On that morning while driving through some thick bush a low overhanging branch snatched off his hat and his hair-piece, which were left dangling in mid air. Well, you could have sworn I had dropped a live snake in the back of that vehicle. My three Zulu trackers, seeing this white man from across the big water loose his entire scalp without shedding a drop of blood, instantly ejected themselves with great agility from the moving vehicle and took off running. It was a splendid performance. They simply could not believe what had happened. We all had a good laugh. The hair-piece was donated to Henry and became a treasured possession and Bob stayed bald from that day on. Like most of our hunting clients, Bob and Sharon became very close friends of Vicky and mine.
Twenty years later - towards the end of a safari together with a day or two to spare and with no hunting pressure we were able to enjoy some leisure time attending to “un-smelt” roses. Our evening camp-fires burnt considerably longer. The last night t was a very jolly affair. In fact, it was a dazzling performance which increased in volume and exuberance as Bob and I settled down with a tipple and a noggin, to successfully solve certain important problems. As the night progressed we congratulated ourselves, over and over, on being such fine examples to the human race, of the brave up-standing, righteous soles, of sober habits, that we definitely were. Sharon got a little grumpy and bored with our repetitiveness, excused herself and went to bed.
We had reached that stage of the proceedings, when our powers of control over personal equilibrium had diminished considerably, when Bob politely suggested that we needed more wood for the fire. Not trusting myself to a successful journey to the wood pile and back, I announced to Bob, that it was definitely his turn to fetch wood. There was a long silence. He had that customary naughty look on his face. After careful consideration and mumbling to himself, he removed both his boots and socks and threw them into the fire. Saying, “There’s my contribution” and obviously issuing a challenge. So I removed mine and threw them into the fire. Next, Bob took off his shirt and threw that into the fire. And … I did the same. Then he reached for the nearest chair and threw that into the fire. Pretty soon, tables, glasses, bottles, kettles, crockery, plastic dishes, all followed. Now we had a huge, fowl smelling bonfire, belching black smoke and shooting guyfox all over, as each new item was added. Of course we thought that this was hilarious. And became more and more rowdy.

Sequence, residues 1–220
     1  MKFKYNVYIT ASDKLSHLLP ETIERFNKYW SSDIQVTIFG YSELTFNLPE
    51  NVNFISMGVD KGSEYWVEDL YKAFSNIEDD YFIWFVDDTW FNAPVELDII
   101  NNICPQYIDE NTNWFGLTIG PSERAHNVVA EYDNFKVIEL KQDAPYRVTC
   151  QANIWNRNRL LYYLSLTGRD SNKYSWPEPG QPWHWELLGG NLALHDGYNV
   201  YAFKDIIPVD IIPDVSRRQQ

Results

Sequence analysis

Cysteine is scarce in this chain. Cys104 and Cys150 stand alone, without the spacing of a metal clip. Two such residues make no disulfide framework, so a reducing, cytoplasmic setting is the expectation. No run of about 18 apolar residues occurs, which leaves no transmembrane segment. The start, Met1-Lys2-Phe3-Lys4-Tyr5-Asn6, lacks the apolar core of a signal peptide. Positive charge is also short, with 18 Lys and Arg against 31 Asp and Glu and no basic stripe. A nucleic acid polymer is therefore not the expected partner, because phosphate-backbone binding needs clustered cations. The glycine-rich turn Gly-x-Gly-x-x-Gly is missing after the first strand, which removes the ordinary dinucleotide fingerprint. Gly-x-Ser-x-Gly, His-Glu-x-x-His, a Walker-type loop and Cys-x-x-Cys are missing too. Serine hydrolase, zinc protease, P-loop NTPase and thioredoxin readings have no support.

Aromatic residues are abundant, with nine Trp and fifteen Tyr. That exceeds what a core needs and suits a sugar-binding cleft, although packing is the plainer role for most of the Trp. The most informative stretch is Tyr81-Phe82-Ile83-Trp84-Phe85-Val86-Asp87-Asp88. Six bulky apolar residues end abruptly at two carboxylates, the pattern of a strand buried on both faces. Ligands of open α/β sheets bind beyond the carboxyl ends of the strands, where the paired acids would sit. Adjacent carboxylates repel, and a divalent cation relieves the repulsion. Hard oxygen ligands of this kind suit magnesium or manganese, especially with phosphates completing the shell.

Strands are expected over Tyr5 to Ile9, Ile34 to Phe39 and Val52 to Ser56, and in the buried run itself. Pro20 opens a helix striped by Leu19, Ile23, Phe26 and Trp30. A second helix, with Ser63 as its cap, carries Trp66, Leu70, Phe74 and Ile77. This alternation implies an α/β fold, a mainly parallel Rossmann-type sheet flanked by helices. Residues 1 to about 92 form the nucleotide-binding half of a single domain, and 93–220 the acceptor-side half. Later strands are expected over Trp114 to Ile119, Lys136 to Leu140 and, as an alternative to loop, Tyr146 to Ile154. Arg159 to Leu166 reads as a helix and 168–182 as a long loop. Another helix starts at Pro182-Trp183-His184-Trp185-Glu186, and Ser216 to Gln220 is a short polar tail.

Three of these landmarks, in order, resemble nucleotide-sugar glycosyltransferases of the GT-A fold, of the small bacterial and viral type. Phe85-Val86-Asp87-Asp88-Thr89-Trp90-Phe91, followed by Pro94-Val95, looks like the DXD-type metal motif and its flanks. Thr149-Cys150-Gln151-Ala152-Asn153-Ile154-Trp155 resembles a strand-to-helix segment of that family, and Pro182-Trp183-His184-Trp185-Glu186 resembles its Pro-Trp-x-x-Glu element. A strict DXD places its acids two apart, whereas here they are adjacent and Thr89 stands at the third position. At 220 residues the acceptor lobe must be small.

Finally, when there was nothing left to burn, Bob took off his trousers and underpants and threw them into the fire. I thought “well what the hell” and followed suit. So now we were butt-naked, yodeling and bellowing with laughter, and giving ourselves a thundering applause, as we admired our handy-work.
That’s when the explosion took place. Bob had forgotten about the handful of 375 cartridges that were in his trouser pocket. Flames, sparks, smoke and ash were detonated into the sky. We got one hell of a fright. But, that was nothing compared to what was to immediately follow. The explosion had woken the fearsome Sharon. We saw the light come on in her tent and heard the zip opening.
I shall never forget her appearing like a demon from a nightmare – a very large demon. She was wearing a long bright purple robe. Her face looked like thunder and I am sure there was fire in his eyes and snakes in her long dangling hair. She approached menacingly with arms bowed and fists clenched. There Bob and I were, butt naked, covered in ash, feeling just like 2 little rabbits caught in the headlights. I new immediately that instead of our anticipated procession of triumph there was going to be a gnashing of teeth.
No longer were we the indestructible, unconquerable, saber rattling, illustrious warriors of 5 minutes ago. Because all the wrath and indignation of the fearsome Sharon was upon us. We were not sure whether to flee or choose spontaneous combustion. Or even mutual extermination. Because there was no escape. And it was freezing cold. Fortunately for us, violence was avoided. She sent us off to bed with a promise of severe retribution in the morning – which duly arrived.
We did not know was that she had taken 2 instamatic photos of us standing there butt naked. She presented these to us and growled “this is what you damned fools looked like last night!”. Bob studied the photographs and said meekly “….. but darling, I didn’t know that it was quite that cold!” And I did not know whether to deny everything, go blind, deaf and dumb or start singing “Glory halleluiah”. Bob ducked just in time to avoid a flat hand clobbering him behind the ear.
It was one of those gorgeous bacon and egg like African mornings. We had champagne with our breakfast. We toasted the great outdoors. The beautiful animals we hunted. Sunsets. We toasted ourselves and our friends. And our memories, a whole kaleidoscope of rich memories, and of course, we toasted our dazzling performance of the previous night. We toasted future safaris and we toasted life itself. It was a melancholy but very happy morning. Bob and Sharon flew home that same night.
Shortly thereafter they both died in a horrendous car accident.
Life goes on but memories stay. That’s what it’s all about - friends and memories. So treasure your memories. Always!!